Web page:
A little sightseeing in Kano

Okay, finally I safely arrived in Maiduguri – with my bag, nothing missing, nothing broken. And what do I have to report: Lazy me could not resist to take a day off after the long journey - roughly six or seven hours squashed into an old-ish van without air conditioning, four where three were originally meant to sit. But, this is my first chance to look at my notes from the last trip (they were in the bag) and everything I have read since, and I really thought that was a good idea before I run off to the university and make a fool of myself by confusing names and asking the same old questions I already got answered again. And, in any case, I think I used the time productively putting together a questionnaire I attend to distribute among the department’s students and began to put together the materials for the group interviews I want to follow the survey. Not sure, maybe I’ll post some of this at a later date … For now, as this is also kind of a travel diary meant for those who can’t follow my every move on facebook here a short anecdote to give you an idea of my last week in Kano, because, I wasn’t completely lazy:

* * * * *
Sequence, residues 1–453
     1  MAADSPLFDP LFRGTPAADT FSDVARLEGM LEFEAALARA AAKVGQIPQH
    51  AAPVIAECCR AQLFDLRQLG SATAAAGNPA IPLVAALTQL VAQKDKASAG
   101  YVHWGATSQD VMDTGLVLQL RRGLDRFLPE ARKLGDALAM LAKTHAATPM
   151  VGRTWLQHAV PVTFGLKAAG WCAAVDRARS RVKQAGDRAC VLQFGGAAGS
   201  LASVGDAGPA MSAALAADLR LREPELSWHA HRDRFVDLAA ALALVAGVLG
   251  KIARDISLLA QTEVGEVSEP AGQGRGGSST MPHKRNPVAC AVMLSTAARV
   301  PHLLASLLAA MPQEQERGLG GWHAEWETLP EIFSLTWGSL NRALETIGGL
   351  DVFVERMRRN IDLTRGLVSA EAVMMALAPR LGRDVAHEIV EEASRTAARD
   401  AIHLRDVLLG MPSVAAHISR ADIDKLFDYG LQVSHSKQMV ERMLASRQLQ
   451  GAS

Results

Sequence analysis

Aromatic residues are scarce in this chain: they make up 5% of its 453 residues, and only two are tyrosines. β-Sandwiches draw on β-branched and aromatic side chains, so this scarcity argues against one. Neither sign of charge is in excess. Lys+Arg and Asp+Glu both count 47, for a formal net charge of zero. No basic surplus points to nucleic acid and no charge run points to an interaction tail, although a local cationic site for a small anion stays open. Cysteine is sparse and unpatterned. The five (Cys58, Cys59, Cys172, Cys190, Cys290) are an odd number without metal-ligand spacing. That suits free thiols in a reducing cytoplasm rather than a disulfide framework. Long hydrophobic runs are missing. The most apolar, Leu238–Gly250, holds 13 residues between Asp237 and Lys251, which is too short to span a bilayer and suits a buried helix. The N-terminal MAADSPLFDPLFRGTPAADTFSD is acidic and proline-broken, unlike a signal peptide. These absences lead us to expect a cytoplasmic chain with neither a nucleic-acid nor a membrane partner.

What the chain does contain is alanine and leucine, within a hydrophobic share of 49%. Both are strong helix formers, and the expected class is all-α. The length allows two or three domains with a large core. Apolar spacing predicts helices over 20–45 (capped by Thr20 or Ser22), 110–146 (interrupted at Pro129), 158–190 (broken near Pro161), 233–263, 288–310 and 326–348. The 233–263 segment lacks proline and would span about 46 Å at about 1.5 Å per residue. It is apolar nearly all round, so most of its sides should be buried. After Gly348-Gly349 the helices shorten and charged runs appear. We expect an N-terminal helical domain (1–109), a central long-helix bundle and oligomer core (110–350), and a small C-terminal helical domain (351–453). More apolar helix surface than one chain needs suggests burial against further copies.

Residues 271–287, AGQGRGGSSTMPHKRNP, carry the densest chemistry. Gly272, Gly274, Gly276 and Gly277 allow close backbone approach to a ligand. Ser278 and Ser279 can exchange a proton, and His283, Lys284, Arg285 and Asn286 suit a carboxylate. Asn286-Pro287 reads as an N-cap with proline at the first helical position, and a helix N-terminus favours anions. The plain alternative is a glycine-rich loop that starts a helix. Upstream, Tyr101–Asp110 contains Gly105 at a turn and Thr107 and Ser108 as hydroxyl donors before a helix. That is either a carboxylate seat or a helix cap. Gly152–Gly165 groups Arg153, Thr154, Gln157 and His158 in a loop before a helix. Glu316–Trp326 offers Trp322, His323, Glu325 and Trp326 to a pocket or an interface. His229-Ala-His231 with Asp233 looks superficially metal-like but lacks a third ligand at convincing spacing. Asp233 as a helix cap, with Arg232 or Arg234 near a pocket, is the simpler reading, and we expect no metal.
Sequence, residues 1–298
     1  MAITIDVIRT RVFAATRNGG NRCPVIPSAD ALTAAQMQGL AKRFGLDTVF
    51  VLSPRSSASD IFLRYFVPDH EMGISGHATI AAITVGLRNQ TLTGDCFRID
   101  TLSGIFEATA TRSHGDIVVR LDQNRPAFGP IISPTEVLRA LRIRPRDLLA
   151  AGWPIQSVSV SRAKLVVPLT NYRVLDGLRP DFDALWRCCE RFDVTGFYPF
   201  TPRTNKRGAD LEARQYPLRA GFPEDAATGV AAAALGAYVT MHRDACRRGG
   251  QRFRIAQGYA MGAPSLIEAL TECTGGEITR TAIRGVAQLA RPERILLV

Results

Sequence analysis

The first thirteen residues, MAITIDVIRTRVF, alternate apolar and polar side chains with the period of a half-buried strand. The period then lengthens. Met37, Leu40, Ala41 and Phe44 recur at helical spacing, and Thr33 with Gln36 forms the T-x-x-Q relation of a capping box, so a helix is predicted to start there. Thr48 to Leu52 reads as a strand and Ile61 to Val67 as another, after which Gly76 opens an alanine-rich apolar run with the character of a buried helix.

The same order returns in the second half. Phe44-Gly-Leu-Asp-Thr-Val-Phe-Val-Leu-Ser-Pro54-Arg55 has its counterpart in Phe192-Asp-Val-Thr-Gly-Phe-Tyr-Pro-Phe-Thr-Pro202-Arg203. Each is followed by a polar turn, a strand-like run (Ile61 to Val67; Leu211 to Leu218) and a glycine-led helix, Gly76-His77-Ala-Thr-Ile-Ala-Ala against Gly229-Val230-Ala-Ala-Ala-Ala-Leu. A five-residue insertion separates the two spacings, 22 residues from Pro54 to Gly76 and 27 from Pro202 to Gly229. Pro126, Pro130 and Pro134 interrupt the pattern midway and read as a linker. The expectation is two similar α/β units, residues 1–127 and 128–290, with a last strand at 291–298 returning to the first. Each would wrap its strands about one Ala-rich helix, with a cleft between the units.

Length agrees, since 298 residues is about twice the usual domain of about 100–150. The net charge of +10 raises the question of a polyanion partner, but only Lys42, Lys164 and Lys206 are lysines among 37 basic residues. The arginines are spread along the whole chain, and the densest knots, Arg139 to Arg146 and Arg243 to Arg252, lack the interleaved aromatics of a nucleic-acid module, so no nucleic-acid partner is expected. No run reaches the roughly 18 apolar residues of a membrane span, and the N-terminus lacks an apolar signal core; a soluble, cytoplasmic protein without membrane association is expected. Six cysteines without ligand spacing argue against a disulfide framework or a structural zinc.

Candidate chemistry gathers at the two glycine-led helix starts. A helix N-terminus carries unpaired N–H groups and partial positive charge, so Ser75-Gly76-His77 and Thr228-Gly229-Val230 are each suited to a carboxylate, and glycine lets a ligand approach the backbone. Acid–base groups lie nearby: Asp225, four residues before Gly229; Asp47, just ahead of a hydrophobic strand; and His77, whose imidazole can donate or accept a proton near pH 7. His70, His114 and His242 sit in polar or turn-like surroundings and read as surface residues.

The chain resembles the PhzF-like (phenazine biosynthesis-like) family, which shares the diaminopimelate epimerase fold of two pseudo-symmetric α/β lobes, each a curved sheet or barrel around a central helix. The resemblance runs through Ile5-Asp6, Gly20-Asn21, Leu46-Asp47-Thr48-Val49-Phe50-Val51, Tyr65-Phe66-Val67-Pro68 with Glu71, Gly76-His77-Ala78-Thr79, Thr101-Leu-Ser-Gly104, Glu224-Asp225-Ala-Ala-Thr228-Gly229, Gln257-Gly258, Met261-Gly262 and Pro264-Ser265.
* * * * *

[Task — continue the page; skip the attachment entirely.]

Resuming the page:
I did some sight-seeing. Including climbing Dala Hill another time.

Dala Hill, I might need to explain, is generally regarded as the original site of the settlement that eventually developed into the town Kano. Unfortunately, nobody so far has actually carried out some proper archaeological survey and excavation, at least not that I know. – So, if some archaeologist not really knowing what to do next reads this: that might be a worthwhile thing to do!!! But I actually wanted to tell the story of my little trip there and I have to confess I rather went for the beautiful views over Kano then the history of Dala Hill.